Our most common error/sin seems to be the speed with which we leap from action to intention. "He did that because..." Almost reflexively we attribute intention to someone's action. We further reveal our own egocentric qualities when we assume the intention has something to do with us. Someone walks past us without speaking, and we, in our narcissism, assume it was an intentional slight. Perhaps the person was simply preoccupied.

Questions of knowledge, intention, negligence, contrition can only be answered with absolute certainly by one who can read the heart. The only one who can do that is God.

Today's reading invites us to take note of the number of times in a single day we find ourselves judging others, and perhaps as we catch ourselves in the act, we can remember our own limitation.

Friday, July 8, 2011

The problem with translation

The gospel today instructs us to be two two things. The translation I am looking at gives the two adjectives: cunning, and simply. They both seemed a bit odd. Cunning is rarely used in English in a good way, and simple here in the south was often used by my grandmother's generation to describe someone who was lacking in intelligence. Time to go to the original language of Christianity, not Latin but Greek.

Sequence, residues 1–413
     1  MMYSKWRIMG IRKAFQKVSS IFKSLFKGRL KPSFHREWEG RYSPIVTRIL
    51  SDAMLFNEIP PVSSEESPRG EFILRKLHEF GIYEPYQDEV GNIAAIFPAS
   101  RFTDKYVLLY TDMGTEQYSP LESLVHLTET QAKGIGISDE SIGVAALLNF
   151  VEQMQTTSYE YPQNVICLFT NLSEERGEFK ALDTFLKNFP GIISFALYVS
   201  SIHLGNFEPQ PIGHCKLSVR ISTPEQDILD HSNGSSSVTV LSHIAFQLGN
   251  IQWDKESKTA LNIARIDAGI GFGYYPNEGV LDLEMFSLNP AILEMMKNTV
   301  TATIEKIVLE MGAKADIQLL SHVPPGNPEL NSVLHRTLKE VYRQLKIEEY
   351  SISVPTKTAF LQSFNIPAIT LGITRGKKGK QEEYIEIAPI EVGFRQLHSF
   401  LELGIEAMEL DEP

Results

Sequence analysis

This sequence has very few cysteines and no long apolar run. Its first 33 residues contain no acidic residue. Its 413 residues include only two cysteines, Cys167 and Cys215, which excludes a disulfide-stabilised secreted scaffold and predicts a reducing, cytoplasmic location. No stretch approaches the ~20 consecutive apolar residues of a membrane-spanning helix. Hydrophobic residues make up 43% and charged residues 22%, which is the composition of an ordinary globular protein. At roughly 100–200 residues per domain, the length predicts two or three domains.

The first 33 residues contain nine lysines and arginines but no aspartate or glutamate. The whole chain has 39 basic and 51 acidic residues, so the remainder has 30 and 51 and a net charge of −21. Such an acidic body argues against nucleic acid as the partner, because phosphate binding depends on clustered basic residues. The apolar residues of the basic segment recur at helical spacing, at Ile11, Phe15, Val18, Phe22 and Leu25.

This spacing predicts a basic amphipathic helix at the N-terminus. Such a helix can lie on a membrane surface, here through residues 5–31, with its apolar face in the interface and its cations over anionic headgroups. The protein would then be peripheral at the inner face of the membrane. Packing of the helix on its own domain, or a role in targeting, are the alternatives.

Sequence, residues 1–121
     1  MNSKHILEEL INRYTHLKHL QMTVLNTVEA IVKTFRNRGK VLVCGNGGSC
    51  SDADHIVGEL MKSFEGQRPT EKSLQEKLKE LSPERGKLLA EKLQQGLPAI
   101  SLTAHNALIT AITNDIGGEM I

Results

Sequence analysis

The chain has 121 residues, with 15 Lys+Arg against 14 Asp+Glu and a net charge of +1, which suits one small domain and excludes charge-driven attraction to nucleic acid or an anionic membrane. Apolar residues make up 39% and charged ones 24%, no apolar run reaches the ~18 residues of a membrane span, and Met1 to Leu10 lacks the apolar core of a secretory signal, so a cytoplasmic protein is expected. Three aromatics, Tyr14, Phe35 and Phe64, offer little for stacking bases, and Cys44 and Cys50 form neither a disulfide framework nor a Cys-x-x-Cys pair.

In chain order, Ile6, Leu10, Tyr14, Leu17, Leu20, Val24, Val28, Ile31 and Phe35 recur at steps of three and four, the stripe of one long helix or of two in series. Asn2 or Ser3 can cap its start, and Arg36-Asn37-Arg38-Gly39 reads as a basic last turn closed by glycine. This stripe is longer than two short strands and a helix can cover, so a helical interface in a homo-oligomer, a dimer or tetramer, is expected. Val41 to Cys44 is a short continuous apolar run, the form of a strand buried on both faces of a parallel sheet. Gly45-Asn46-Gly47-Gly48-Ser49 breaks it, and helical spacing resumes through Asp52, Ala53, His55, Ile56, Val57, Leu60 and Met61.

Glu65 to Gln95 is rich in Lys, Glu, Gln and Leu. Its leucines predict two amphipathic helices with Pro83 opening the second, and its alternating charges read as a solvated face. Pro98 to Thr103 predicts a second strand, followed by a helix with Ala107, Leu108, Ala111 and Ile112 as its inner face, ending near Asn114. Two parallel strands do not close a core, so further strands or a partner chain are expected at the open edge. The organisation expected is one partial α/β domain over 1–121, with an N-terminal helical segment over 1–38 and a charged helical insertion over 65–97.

The word translated here as cunning is

φρόνιμος it means intelligent, wise, prudent, looking after one's affairs. In our modern american symbology we think of owls not serpents.
The other adjective-
ακεριος does in fact mean simple, but in the sense of chemistry, something which is unmixed, pure, a single element.

Proof once more that translation is as much art as science and that there is rarely a perfect one to one correspondence between words of a different language.